Thursday, April 10, 2014


Democratic Reform Minister Pierre Poilievre says that he's spoken with many of his constituents about the so-called Fair Elections Act and that they were happy with the contents of the act.

Really? How many constituents has he spoken with? And who are they? Are they supporters?

I have the great misfortune of living in Poilievre's Nepean-Carleton riding and I've spoken about the Fair Elections Act with my neighbours and friends, who are also constituents. Know what? Not one of them likes the act. Not one of them thinks it's fair.

On a broader scope, I've discussed the act with other Canadians, who live in other ridings and other provinces, but who will be equally affected by the proposed changes.

And they all say it stinks.

In discussions about this act (among other political subjects: in case you didn't already know, I like to follow politics and often get in animated discussions over it), my friends and I agree that the vouching issue, while important, is being used as a smoke screen to pull attention away from a more-dangerous part of the act.

The act will give incumbent parties in each riding the power to name key election officials, who will oversee the voters at the polls. Until then, that job fell to an impartial Elections Canada official. But Poilievre thinks that Elections Canada has too much power, can investigate election irregularities and breaches in the election rules.

The Conservatives don't like being told that they are breaking laws. They don't like being called out on anything, for that matter. In the past, when department heads have blown the whistle on misdeeds and coverups by the government, the Conservative response has been to discredit that whistle blower.

Does anyone remember Chalk River? Afghanistan detainees?

Recently, Poilievre has verbally attacked Chief Electoral Officer Marc Mayrand for speaking out on the proposed Fair Elections Act. Poilievre, who has never produced anything in his political career (how's that Strandherd Bridge coming along? Results?), whose only claim to fame is that he's been able to climb the ranks in the Conservative Party by having his head stuck so far up Stephen Harper's arse that he sees light every time Harper speaks, claims that Mayrand is condemning the act because he is power-hungry.

Poilievre says that Mayrand "wants more power, a bigger budget, and less accountability.” I'm sure he thought he was looking into a mirror when he said that.

So, Poilievre says that he's spoken to his constituents and they all like the act. First, I think he asked some of his staff. I don't think he asked real residents, unless they were close friends and Conservatives. I don't believe him. But even if he has talked to residents, he didn't ask enough people. I don't know anyone in his riding who likes it. The people I know think it's a bad act.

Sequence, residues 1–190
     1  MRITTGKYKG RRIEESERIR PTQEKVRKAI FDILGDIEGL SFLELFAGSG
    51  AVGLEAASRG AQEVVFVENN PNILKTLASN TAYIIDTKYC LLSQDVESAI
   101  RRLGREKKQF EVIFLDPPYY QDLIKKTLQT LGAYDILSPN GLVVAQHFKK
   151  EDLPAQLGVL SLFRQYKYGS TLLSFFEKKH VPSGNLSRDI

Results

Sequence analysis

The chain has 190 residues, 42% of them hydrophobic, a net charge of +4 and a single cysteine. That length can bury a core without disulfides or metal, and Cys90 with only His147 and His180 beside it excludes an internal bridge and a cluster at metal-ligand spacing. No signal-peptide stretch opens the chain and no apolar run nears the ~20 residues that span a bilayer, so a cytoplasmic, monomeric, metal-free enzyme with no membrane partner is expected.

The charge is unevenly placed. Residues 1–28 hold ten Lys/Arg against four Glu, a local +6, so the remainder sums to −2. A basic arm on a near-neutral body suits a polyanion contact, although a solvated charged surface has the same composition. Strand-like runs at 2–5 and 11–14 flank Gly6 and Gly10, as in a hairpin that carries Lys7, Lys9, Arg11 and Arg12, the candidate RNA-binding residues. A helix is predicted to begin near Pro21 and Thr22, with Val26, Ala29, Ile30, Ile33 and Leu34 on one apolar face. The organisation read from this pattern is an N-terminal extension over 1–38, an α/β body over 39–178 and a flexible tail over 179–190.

Many credible people, who have read the contents of the proposed bill, including Mayrand, the former Chief Electoral Officer, Jean-Pierre Kingsley, many elections commissioners, and academics from across the country, have condemned it as an attack on Canadian democracy.

And then there's former auditor general, Sheila Fraser.

Fraser was praised by Harper over her uncovering of the sponsorship scandal, which lead to the end of the Liberal government. Harper has called Fraser "the mother of all accountants" and that she could be counted on to be fair, to call things for what they were.

"When you look at the people who may not be able to vote, when you look at the limitations that are being put on the chief electoral officer, when you see the difficulties, just the operational difficulties that are going to be created in all this, I think it's going to be very difficult to have a fair, a truly fair, election," she said this week.

Fraser not only finds troublesome problems with the Fair Elections Act, she has spoken out against Poilievre's smear campaign toward Mayrand. “To actually attack (Mayrand) for bringing forward his concerns is totally inappropriate,” she said.

If Poilievre and Harper fail to listen to Fraser, we will know that the only reason they want this bill to pass is that they don't want to listen to Canadians, that they only want what's best for the Conservative Party, that they do not want what's best for Canadians.

I'm not holding my breath.

1 comment:

  1. An excellent post, and thanks for highlighting the consequences of the act - having listened to some discussion on CBC I had come away with the impression that it was all hair-splitting over whether enough people are being falsely vouched for to make a difference - not a word was said about choosing key officials. As an aside, careful with reinforcing arguments on biased sampling - we tend to make friends and have conversations with people who agree with us in the first place, n'est-ce pas?